The school I am teaching in is considering getting Raspberry Pi (Score: 1)

by in New Raspberry Pi Zero: the $5 computer on 2015-12-03 06:14 (#WG1V)

The school I am teaching in is considering getting Raspberry Pi computers. As programming will get bundled into all school subjects, there is a need for small programmable computers with GPIO in order to boost the pupils creativity.

I am going to suggest to get Raspberry Pi 2 B for development of a product. Once the development is ready, one can make it into a ready product by replacing Pi 2 B with Pi Zero, and it is something cheap enough that the pupils could even get it home.

For example, if one wants to make an "extension cord" with a box turning on and off the current when you clap your hands, the Pi Zero would get mounted inside of that box, making the product cheaper. The development itself would be on a Pi 2 B as it is strong enough to keep both an IDE and a browser open for reading documentation, allowing the pupil to do the whole development directly on a real Pi.

Re: Building a custom Linux system is easy (Score: 2, Interesting)

by in Build Your Own Linux Distro on 2015-04-27 06:57 (#7X4C)

If all you want is a web server or openssh server, then what you wrote is true. Try to just install DNS or email servers and you will see they are not coming ready configured.

Even with modern Linuxes, I need to script almost every week. So many tasks are not done automatically. Last week I made a script backuping all Extreme switches and Zhone dslams and other network equipment (ca 50 boxes). Now I have a crontab entry backuping them daily, so whenever one of those goes down I can quickly drop in another one.

As a system administrator I have to deal with huge amount of user names. Only a crazy person would add and remove them manually with either adduser from CLI or from any GUI. I created a script parsing a text file with all names. From that text file, my script generates usernames and passwords and After adding the user to the system, it outputs to a CSV file. That way I do not have to deal with mistakes and I save a lot of work.

Before that I had to make a box for presentations. The customer wanted to have an easy way to get PowerPoint presentations running on a screen at a library. I quickly installed Linux, made some simple scripts to do an automatic TTY login, startx, running mplayer in fullscreen cycling through all files which are accessable through samba. PowerPoint got a presentation->mpg4 export built in.

These are all trivial things, but nothing a complete newbie will be able to do after going through LFS. LFS is not teaching Linux. It is teaching how to install packages. If a newbie would run a distro with limited quantity of packages, like Slackware, he would have to learn it anyway, but rather than compiling the whole system he can begin learning real Linux (= becoming fluent in CLI, scripting, configuring services, etc).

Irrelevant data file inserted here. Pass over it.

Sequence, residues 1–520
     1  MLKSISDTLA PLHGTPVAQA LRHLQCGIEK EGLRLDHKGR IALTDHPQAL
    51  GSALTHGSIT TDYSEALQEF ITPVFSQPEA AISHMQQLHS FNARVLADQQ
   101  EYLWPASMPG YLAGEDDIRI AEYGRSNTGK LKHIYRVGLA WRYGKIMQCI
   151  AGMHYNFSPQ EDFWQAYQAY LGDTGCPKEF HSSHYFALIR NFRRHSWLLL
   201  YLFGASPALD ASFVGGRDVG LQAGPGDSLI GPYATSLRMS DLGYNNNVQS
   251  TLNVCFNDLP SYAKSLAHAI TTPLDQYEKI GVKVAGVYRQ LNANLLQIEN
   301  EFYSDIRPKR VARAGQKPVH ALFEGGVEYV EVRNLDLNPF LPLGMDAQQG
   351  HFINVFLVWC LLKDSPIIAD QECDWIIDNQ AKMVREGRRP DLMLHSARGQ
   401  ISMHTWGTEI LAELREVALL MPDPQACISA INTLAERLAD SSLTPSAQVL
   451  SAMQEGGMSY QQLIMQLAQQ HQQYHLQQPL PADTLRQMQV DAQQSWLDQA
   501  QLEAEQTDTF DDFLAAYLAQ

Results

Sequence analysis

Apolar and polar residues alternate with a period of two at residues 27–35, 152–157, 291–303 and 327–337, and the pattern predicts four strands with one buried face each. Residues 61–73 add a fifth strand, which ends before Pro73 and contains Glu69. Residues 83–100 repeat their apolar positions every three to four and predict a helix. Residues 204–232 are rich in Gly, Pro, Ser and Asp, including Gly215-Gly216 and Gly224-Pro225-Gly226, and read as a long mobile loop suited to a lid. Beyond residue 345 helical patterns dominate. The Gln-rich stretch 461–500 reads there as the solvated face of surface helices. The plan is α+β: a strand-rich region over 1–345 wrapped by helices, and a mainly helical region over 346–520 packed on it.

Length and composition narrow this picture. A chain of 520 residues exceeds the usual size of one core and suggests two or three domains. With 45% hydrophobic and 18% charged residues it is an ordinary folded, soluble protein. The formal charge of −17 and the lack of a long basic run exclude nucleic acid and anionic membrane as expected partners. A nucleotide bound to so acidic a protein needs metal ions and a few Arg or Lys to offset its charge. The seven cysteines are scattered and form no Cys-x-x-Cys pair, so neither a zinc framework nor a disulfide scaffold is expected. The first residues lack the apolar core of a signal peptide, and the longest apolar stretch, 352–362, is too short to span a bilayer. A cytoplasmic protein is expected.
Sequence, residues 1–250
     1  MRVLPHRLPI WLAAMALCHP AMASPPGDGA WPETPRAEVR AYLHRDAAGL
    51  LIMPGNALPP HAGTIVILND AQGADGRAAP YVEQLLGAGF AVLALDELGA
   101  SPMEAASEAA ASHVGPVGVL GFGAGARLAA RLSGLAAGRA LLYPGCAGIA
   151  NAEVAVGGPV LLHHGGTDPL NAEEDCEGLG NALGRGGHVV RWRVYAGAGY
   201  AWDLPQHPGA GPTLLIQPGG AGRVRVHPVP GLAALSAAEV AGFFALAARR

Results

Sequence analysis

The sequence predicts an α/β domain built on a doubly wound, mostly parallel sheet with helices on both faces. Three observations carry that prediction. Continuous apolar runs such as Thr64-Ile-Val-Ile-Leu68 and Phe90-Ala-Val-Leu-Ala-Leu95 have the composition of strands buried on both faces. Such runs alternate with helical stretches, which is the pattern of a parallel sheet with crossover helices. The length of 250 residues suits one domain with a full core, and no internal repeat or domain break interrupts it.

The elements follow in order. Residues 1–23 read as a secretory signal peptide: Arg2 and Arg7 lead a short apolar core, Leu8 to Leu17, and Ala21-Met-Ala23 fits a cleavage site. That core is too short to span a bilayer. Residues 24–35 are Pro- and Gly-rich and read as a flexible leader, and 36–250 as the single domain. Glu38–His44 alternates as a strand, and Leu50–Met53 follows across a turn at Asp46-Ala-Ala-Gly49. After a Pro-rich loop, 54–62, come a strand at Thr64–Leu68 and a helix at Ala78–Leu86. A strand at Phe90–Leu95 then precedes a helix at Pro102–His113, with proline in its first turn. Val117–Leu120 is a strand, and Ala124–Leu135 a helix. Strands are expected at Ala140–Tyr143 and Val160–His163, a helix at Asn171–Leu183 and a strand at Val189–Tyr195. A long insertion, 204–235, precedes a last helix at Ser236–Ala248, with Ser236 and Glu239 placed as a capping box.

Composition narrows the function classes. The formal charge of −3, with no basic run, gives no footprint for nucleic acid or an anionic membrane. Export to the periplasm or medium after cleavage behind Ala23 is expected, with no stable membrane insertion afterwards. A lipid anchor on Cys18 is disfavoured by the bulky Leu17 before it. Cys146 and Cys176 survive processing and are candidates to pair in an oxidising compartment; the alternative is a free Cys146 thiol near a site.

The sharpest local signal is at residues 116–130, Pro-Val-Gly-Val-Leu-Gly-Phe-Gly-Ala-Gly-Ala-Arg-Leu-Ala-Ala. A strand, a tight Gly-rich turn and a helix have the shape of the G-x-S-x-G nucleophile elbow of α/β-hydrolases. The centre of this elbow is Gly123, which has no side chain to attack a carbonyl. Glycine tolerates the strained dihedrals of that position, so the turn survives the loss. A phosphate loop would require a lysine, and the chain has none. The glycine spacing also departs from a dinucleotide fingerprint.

Re: Building a custom Linux system is easy (Score: 2, Insightful)

by in Build Your Own Linux Distro on 2015-04-27 04:48 (#7WYV)

I have to disagree with you. Yes, I have once made an LFS. So what did I learn? Nothing. Several years of Linux usage had already thaught me how to compile packages. The steps for each package is almost the same: ./configure --prefix=/whatever; make; make install.

You do not have to build a whole distro in order to learn Linux. The better way to learn Linux is to actually use it. Set a goal for what you want done and then get it done. The goal might be anything from some simple shell scripts to setting up servers.

Re: bullshit (Score: 3, Insightful)

by in Microsoft may one day open source Windows on 2015-04-15 12:18 (#73NB)

Are you able to download a pirate version of Windows today? Yes or No?
Still they sell a lot of Window licenses.

Open sourcing does not mean to give away for free. It means anyone who bought Windows is able to look at the source and do modifications for himself. It is all about licensing. "Open source" and "free" are not symonyms. Some open source licenses means free, other not. Spreading the source to people not having a bought license would still be pirating, if they want it to be so.

MS is at this point in desperate need to get developers. This is visible from their latest moves. Anything that might attract developers to develop for Windows is welcome inside of the new MS. It is thus not impossible they will open source Windows in the future unless they have too much licenced code as an obstacle in this process.

Re: Even if Windows would become open source.... (Score: 1)

by in Microsoft may one day open source Windows on 2015-04-15 12:05 (#73M8)

At this point I am fully agreeing. I just hate the "user experience" of Windows. For me the right environment is a combination of *nix, tiling window managers and many terminals open.

I like how parts are interchangeable in an *nix environment. I can put together something that fits my work perfectly. Most settings are just text files, simple scripts and almost anything can be customized.